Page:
S/Sgt, Dick Hamada, Sgt .Fumio Kido w/ Blakenship 3 Jan. 1946 for Soldier's Award

S/Sgt, Dick Hamada, Sgt .Fumio Kido w/ Blakenship 3 Jan. 1946 for Soldier’s Award

They were not without a sense of humor, as James Tsurutani showed. He would lie down on the ground for his buddies while they held a bayonet to have a picture taken to send back home with the caption, “Captured another Jap!”

Upon returning home from Japan, my father and several other troopers from the 11th A/B, including two Nisei, went to a saloon to celebrate their return to San Francisco and the good ole U.S. of A. The drinks were put up on the bar, free of charge for returning veterans, and Smitty began to distribute them. He said he stopped laughing and talking just long enough to realize that he was two drinks shy of what he ordered. He knew right off what it was all about, but he tried to control that infamous temper of his, and said something to the effect of “Hey, I think you forgot a couple over here.” The reply came back in a growl, “We don’t serve their kind in here.” Dad said he was not sorry that lost control, he told me, “I began to rant things like, ‘don’t you know what they’ve been through?’ and ‘what the hell’s wrong with you?'”

By this time, the other troopers had heard Smitty yelling and it did not take them long to figure out the scenario between my father and the bartender. No explanation was necessary. In fact, dad said the entire situation blew apart like spontaneous combustion. The drinks hit the floor and all hell broke loose. When there was not much left in the bar to destroy, they quieted down and left the established (such as it was). The men finished their celebration elsewhere. Smitty said he never knew what, if anything ever came out of the incident. He never heard of charges being filed or men reprimanded. (I’ve wondered if Norman Kihuta, who was discharged on the same date as Smitty, was there on the scene.)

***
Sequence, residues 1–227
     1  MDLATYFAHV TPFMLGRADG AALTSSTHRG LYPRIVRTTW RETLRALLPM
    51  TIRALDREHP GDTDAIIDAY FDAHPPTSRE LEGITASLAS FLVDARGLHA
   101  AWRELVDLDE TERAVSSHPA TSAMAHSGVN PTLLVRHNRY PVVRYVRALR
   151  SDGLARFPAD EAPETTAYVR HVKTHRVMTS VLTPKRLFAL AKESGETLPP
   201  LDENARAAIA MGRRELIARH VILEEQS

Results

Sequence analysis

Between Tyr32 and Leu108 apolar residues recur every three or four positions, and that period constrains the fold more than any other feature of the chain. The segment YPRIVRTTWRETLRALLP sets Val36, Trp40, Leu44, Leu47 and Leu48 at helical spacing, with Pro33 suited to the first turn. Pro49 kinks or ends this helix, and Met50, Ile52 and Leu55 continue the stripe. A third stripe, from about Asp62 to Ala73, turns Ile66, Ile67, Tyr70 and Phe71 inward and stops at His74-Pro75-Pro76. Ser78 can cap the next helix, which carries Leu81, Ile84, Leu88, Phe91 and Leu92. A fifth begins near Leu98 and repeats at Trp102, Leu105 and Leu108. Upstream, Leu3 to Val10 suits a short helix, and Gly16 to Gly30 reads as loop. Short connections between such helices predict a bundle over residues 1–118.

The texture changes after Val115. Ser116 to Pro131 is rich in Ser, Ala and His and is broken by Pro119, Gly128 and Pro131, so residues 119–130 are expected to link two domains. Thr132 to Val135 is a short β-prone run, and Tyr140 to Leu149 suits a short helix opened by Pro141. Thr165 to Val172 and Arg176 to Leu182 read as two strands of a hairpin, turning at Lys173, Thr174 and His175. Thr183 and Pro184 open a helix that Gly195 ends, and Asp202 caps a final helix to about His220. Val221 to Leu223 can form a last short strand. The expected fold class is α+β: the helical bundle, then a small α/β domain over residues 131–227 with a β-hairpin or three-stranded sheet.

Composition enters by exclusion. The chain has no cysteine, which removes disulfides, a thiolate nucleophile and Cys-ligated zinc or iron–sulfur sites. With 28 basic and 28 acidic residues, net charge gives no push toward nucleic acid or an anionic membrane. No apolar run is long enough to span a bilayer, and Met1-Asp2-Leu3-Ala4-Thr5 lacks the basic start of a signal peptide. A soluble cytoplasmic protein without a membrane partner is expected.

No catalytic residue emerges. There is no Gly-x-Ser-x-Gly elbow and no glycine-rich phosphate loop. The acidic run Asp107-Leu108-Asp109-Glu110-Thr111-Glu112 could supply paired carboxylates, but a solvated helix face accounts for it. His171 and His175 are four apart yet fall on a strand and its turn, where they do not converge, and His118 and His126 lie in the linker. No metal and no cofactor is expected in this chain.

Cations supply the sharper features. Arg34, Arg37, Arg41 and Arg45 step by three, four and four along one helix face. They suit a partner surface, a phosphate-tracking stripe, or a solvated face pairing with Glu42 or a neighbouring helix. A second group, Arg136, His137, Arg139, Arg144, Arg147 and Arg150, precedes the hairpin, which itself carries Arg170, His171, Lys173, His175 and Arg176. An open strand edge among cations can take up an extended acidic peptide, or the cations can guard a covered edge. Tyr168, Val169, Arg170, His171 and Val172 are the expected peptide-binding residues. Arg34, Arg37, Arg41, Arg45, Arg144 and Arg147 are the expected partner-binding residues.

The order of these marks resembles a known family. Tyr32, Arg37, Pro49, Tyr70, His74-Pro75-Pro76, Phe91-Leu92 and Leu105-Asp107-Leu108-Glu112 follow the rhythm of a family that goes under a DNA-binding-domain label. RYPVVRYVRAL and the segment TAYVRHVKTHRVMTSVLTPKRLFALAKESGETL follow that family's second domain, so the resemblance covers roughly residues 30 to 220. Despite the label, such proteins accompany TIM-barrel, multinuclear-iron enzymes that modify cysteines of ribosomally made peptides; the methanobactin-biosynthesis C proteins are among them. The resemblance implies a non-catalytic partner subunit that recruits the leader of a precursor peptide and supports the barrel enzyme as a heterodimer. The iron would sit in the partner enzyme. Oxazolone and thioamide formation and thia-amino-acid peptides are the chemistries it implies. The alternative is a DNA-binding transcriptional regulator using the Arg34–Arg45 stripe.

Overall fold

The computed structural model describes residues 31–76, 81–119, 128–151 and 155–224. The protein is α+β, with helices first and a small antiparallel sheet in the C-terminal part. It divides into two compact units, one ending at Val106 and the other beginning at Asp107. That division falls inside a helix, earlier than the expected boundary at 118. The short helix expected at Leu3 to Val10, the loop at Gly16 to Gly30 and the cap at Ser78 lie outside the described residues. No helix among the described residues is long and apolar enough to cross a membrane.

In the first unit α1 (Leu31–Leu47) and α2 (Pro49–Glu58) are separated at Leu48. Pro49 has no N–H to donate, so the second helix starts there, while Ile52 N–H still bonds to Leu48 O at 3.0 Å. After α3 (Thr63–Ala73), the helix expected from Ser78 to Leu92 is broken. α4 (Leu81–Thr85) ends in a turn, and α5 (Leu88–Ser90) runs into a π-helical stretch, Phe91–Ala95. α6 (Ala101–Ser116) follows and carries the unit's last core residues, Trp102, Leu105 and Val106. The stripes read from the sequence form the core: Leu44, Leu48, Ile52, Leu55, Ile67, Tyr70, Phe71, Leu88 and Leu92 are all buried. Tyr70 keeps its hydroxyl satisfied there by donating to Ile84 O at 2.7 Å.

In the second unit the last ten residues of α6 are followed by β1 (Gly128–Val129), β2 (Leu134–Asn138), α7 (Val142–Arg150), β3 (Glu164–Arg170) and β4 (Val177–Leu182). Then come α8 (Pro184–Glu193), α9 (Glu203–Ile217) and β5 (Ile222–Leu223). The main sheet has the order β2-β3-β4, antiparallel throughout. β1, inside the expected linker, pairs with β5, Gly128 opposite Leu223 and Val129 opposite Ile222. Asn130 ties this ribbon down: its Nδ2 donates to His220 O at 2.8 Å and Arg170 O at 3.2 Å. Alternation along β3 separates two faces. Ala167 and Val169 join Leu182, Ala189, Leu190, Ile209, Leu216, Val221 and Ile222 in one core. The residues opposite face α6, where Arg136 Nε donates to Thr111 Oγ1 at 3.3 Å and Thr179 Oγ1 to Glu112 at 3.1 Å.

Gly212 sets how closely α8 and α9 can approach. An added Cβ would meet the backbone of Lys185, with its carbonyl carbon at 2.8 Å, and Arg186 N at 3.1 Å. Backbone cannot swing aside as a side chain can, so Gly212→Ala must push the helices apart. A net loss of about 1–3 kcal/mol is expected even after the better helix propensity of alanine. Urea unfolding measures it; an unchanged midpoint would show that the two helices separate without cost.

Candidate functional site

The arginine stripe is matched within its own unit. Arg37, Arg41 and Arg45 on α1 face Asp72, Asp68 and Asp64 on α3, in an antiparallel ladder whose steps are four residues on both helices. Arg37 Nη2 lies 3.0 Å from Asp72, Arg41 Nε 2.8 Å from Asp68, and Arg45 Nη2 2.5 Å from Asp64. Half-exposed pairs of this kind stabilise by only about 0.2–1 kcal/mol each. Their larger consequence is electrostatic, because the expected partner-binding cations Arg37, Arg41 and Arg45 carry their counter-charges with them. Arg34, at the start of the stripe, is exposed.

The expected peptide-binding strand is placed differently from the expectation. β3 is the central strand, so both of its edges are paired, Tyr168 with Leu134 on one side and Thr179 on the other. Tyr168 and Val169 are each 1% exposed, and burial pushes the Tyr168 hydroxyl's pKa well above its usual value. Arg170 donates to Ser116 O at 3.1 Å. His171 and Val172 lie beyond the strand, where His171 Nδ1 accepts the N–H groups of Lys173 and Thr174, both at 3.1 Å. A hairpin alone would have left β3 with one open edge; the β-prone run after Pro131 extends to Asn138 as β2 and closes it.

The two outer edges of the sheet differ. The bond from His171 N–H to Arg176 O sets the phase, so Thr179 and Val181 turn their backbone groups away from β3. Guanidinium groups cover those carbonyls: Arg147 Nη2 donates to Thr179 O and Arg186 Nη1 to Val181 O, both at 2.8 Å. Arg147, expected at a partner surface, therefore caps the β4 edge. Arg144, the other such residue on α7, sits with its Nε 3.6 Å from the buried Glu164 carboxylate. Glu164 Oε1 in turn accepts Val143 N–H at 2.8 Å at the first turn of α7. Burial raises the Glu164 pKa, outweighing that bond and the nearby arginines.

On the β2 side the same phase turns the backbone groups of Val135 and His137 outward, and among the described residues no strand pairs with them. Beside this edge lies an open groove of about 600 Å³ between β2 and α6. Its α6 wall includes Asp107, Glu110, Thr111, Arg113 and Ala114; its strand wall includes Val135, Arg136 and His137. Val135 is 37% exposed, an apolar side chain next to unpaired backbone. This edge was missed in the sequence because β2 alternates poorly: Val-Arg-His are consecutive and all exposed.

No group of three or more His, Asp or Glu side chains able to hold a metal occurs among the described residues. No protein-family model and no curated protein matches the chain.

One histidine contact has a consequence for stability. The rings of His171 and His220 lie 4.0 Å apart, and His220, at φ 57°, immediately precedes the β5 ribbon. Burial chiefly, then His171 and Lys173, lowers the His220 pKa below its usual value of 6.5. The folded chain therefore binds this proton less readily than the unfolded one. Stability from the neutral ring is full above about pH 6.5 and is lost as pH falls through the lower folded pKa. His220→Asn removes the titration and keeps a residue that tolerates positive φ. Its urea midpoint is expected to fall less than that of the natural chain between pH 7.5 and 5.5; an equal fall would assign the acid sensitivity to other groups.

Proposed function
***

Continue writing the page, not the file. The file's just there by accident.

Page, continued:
back at the office...

back at the office…

There were very few pictures taken of the Nisei soldiers for two main reasons. many of them had family in Japan and some relatives fighting in the Imperial Army and Navy, therefore their picture, if recognized, could possibly cause undue harm to those families. Another reason was the greed of the press for a spectacular story, which usually meant they were covering the actions of the Marines. The fighting in the Philippines did not seem as glamorous; with the Marines they could cause much more dramatic headlines. (ergo: less print, less photos). The linguists sent to China received very little recognition because the War Department would not admit they had American troops there.

By 1977, the MIS school produced 75,000 linguists speaking fifty languages.

…………………………..Dom’ arigato gozaimashita.’…………..

(Thank you very much for what you have done.)

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Resources: “Yankee Samauri” by Joseph D. Harrington; National Archives; cia.gov; NPS.gov; nisei.hawaii.edu; niseiveterans.blogspot.

I also located a very interesting blog by CGAYLEMARIE who is researching the Japanese-Americans at Oberlin College, if this subject interests you, stop in for a look… http://cgayleguevara.wordpress.com